A kind of sub-variety of the ad verecundiam fallacy, at least sometimes, is the use of jargon. Here again, jargon is not necessarily fallacious; technical terminology is needed in most disciplines, and (humans being social creatures) it tends to get developed with context, in-jokes, and the like. However, when used to intimidate a person into silence—not unlike name-dropping—or to imply that they not only lack prior familiarity with the jargon itself, but even the intelligence to understand the field, that can hardly be considered fair play for obvious reasons.

The remedy for these sophistries, unfortunately, consists in three of the most boring words in the English language: look it up. If it’s a study being cited, look up the study: was it conducted by a reputable institution, or perhaps by amateurs in the pay of a group with avowedly political goals? Did the methodology follow the rules of the discipline, or did it sidestep or break them—or did the people who worked on the study not even divulge the methodology? If it’s a scholar being cited, look up the scholar: are they talking about their own field of research, or are they a crackpot, barging into a topic they know little about? If it’s an instance of technical jargon, look up the word (if possible—unluckily for this one, if a jargon term is extraordinarily technical, it may not appear in dictionaries, or may appear only in “unabridged” dictionaries). Or, why not, ask the person who just used the jargon to explain it to you! Getting past our own self-conceit, and therefore being humble enough to frankly admit ignorance and request knowledge, can be an extremely effective way of cutting through sophistical reasoning in many cases. And if they weren’t using jargon fallaciously, and are not arrogant themselves, even better—you get to learn something.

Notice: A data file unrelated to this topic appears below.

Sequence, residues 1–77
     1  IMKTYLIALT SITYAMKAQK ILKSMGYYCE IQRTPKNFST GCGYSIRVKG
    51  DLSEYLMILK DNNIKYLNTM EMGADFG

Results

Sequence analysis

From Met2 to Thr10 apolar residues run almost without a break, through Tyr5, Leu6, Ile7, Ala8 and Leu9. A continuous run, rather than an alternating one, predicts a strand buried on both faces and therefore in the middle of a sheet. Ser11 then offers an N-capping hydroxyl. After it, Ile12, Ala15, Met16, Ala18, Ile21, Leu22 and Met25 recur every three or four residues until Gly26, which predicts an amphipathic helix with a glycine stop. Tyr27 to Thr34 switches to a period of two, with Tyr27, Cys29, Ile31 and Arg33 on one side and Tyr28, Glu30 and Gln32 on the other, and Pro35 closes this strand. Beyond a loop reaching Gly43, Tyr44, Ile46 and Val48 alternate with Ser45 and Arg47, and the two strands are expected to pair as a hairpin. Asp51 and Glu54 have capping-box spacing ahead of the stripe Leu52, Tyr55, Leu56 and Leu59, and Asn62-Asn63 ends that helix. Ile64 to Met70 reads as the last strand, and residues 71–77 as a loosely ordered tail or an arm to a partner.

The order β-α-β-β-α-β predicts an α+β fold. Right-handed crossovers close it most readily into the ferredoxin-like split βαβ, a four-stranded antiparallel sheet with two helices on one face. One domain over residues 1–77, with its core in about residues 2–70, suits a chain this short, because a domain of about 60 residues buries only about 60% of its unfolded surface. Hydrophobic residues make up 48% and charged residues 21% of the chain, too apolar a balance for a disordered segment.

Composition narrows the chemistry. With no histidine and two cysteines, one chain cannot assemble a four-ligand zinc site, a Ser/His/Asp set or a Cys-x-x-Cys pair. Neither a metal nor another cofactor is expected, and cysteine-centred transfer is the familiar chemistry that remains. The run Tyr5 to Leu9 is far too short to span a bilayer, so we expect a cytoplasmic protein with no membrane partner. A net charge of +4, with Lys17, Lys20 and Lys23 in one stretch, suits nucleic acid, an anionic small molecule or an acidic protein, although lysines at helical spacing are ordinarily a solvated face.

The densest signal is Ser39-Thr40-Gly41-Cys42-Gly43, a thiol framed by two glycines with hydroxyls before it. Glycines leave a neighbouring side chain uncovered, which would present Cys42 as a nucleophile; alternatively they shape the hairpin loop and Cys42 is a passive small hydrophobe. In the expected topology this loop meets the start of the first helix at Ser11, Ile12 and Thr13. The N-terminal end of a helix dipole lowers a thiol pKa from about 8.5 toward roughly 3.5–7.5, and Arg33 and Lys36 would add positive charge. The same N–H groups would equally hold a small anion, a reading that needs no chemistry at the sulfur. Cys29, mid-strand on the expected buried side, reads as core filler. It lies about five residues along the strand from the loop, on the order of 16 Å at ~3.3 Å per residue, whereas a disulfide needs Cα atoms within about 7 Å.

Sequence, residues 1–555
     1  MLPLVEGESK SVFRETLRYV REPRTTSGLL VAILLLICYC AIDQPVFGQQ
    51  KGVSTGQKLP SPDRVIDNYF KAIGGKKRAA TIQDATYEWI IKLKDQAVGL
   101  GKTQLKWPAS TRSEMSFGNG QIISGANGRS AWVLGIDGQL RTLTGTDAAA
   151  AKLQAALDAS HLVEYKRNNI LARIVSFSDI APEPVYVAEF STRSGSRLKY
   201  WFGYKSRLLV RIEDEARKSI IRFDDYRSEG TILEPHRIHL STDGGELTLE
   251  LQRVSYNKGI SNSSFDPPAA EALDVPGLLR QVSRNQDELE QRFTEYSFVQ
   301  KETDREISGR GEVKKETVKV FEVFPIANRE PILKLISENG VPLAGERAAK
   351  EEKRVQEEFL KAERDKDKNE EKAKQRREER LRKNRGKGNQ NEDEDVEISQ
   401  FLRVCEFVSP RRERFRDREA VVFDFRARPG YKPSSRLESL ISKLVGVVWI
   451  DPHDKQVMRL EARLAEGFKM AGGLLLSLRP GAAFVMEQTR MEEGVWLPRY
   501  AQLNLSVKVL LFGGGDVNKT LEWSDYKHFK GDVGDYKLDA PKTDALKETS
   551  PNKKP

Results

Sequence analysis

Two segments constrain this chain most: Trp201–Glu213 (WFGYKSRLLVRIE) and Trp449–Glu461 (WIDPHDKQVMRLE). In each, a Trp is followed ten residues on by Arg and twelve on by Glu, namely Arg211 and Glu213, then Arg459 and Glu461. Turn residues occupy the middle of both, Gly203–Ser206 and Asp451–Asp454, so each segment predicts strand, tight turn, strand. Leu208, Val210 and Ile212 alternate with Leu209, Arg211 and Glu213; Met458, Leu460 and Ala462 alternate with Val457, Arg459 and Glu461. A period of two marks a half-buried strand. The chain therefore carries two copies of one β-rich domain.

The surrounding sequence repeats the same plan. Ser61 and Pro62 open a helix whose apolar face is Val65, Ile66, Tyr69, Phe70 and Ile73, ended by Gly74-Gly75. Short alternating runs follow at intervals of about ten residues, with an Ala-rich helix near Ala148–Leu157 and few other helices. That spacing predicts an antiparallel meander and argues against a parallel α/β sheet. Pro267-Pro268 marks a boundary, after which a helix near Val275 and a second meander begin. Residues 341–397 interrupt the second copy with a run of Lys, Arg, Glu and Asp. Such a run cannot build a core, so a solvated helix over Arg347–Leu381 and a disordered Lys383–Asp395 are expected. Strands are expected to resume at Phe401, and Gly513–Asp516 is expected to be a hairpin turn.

*Myths vary somewhat. However, the last of all the gods and goddesses to leave the earth is generally agreed to have been Astræa, at the beginning of either the Bronze or the Iron Ages.
**If anything, “eminent” undersells her: Edith Hamilton (1867-1963) was probably the most celebrated Classicist in American history. She was the first woman permitted to enroll at the University of Munich, and was head administrator and later headmistress of Bryn Mawr School in Baltimore (a girls’ college preparatory high school, named for Bryn Mawr College); her books, such as The Greek Way and Mythology, helped popularize classical thought for a whole generation, and are still esteemed today.
†In fallacies thus named, the idea of “an appeal to” is understood; ad means “to” or “at,” and the Latin accusative case (which pairs in these circumstances with the preposition ad) normally ends in –am, –em, or –um in the singular. Thus, e.g., ad hominem literally means “[appeal] to the man,” i.e. to his character; ad ignorantiam means “[appeal] to ignorance”; etc.
‡The common topics are the general types of argument one can construct. Most rhetoricians acknowledge four: definition, comparison, relationship, and testimony. (Sometimes a fifth, circumstance, is added as an independent topic, while others classify it as a subtype of relationship.) These should not be confused with the literary topoi, which are more like images or themes one may use to illustrate an argument.

Gabriel Blanchard is a proud uncle to seven nephews, and has worked for CLT since 2019, where he holds the title of editor at large; he lives in Baltimore, MD.

If you enjoyed this piece, first of all, thank you for reading the Journal! You might enjoy our podcast, Anchored; if you’d like to see more from the Journal, try our short intros to Hugh of St. Victor and Leo Tolstoy, or to ideas like faith and labor and their history.

Published on 22nd February, 2024. Page image of a fresco from the Villa of the Mysteries in Pompeii, thought to depict Aedos and/or Æschyne (the goddess of shame proper), or their Roman equivalents, Verecundia and Pudicitia (the goddess of modesty).